Michel de Montaigne
Translated by John Florio (1603)

Book 2 Chapter 22
Of running Posts, or Curriers

I have beene none of the weakest in this exercise, which is proper unto men of my stature, well-trust, short and tough, but now I have given it over: It toyles us over-much, to holde out long. I was even-now reading, how King Cyrus, that he might more speedily receave newes from all parts of his Empire, (which was of exceeding great length) would needs have it tried, how farre a horse could in a day goe out-right, without baiting, at which distance hee caused Stations to be set, and men to have fresh horses ready, for al such as came to him. And some report, this swift kinde of running, answereth the flight of Cranes. Cæsar saith, that Lucius Vibulus Rufus, making haste to bring Pompey an advertisement, rode day and night, and to make more speed shifted many horses. And himselfe (as Suetonius writeth) would upon an hyred coache runne a hundred miles a day. And sure he was a rancke-runner: for where any river hindred his way, he swamme it over, and never went out of his way to fetch for a bridge or ferry. Tiberius Nero going to visite his brother Drusus, who lay sicke in Germanie, having three coaches in his companie, ranne two hundred miles in foure and twenty hours. In the Romane warres against King Antiochus, Titus Sempronius Gracchus (saieth Titus Livius) Per dispositos equos propè incredibili celeritate ab Amphisa tertio die Pellam peruenit: By horse laide poste, with incredible speede within three dayes he past from Amphisa to Pella. And viewing the place, it seemeth, they were set Stations for Postes, and not newly appointed for that race. The invention of Cecinna in sending newes to those of his house had much more speede; he carried certaine swallowes with him, and having occasion to send newes home, he let them flie toward their nests, first marking them with some colour, proper to signifie what he meant, as before he had agreed upon with his friends. In the Theatres of Rome, the houshold Maisters, carried Pigeons in their bosomes, under whose wings they fastened letters, when they would send any word home, which were also taught to bring back an answer. D. Brutus, used some being besieged in Mutina, and others elfe-where. In Peru they went poste upon mens backes, who tooke their Maisters upon their shoulders, sitting upon certaine beares or chaires, with such agilitie, that in full running speede the first porters without any stay, cast their loade upon others who upon the way waited for them, and so they to others. I understand that the Valachians, which are messengers unto the great Turk, use extreame diligence in their businesse, forsomuch as they have authoritie to dis-mount the first passenger they meete upon the high-way, and give him their tyred Horse. And bicause they shall not be weary, they are wont to swathe themselves hard about the bodie with a broade Swathe or Seare-cloath, as diverse others doe with us: I could never finde ease or good by it.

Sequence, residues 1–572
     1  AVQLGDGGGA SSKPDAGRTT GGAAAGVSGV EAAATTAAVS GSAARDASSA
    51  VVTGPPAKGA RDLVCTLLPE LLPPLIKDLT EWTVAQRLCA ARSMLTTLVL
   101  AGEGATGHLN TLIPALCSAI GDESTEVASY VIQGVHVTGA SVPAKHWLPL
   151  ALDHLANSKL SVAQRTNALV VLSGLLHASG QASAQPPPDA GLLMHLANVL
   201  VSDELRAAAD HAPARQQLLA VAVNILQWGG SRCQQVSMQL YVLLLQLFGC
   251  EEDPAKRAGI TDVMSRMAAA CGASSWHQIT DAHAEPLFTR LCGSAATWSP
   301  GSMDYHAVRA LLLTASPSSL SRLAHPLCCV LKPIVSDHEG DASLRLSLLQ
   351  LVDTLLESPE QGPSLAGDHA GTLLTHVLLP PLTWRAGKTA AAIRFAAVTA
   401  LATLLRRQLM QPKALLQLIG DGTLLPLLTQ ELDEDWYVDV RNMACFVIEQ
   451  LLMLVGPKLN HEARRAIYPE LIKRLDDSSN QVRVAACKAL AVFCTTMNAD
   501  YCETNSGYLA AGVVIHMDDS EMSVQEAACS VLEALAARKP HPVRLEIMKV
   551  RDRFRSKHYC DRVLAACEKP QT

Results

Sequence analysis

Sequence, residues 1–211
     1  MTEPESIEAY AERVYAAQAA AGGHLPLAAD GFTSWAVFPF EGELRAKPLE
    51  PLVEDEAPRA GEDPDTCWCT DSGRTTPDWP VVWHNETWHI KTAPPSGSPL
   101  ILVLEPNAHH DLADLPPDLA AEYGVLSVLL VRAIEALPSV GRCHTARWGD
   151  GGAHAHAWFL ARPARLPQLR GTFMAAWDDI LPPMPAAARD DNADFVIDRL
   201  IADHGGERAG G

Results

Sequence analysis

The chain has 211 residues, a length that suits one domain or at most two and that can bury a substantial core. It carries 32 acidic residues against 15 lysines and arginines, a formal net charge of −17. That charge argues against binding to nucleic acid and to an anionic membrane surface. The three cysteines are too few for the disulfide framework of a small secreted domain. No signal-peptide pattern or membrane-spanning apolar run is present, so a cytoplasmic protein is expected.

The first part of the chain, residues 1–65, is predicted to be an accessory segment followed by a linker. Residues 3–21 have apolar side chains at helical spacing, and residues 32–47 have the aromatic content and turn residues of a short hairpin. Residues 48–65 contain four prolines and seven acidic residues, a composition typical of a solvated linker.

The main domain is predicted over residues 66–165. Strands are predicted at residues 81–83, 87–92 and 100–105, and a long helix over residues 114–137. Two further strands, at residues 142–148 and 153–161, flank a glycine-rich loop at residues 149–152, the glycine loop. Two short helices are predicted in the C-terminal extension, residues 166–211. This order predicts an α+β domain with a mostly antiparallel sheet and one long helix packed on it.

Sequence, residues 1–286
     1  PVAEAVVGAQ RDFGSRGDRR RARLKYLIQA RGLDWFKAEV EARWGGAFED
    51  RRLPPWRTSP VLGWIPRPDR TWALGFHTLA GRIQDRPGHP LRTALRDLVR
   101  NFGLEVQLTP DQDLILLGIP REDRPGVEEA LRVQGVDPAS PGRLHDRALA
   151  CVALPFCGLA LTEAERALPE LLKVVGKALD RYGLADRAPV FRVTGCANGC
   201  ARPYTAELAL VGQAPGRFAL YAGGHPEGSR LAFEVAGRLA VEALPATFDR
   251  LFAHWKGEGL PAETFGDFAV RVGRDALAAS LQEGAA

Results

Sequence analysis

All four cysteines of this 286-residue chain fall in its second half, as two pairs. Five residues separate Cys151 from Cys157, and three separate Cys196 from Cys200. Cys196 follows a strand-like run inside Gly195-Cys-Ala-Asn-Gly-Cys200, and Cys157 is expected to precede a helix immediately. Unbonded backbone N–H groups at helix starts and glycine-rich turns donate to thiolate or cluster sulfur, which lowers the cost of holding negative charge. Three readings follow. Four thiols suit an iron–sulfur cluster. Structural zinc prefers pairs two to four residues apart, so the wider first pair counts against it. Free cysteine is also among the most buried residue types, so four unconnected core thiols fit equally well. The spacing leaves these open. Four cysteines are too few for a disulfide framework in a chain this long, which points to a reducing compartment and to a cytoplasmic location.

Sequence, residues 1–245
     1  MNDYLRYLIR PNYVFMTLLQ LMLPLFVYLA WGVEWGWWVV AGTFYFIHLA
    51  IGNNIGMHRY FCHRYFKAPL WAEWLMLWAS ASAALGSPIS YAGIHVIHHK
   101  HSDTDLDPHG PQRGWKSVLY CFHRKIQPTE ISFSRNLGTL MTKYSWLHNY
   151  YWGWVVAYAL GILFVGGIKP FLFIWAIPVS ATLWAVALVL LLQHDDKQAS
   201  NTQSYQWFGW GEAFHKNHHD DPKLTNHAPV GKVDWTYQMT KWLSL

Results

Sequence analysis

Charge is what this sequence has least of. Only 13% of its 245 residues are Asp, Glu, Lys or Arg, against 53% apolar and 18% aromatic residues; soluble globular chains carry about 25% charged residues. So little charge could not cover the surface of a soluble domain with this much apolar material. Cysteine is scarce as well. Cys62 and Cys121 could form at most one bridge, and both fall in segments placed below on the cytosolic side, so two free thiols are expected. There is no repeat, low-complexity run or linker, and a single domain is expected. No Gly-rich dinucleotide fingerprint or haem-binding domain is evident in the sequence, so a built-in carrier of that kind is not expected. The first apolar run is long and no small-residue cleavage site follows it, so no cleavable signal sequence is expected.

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  • ModifiedFebruary 14, 2022
  • TranslationJohn Florio
  • LicensePublic domain
  • Source Montaigne, Michel de. Essayes of Morall, Politike, and Millitarie Discourses. Translated by John Florio. London: Edward Blount, 1603.

How to cite this page

  • Montaigne, Michel de. “Of running Posts, or Curriers.” Translated by John Florio. Last modified February 14, 2022.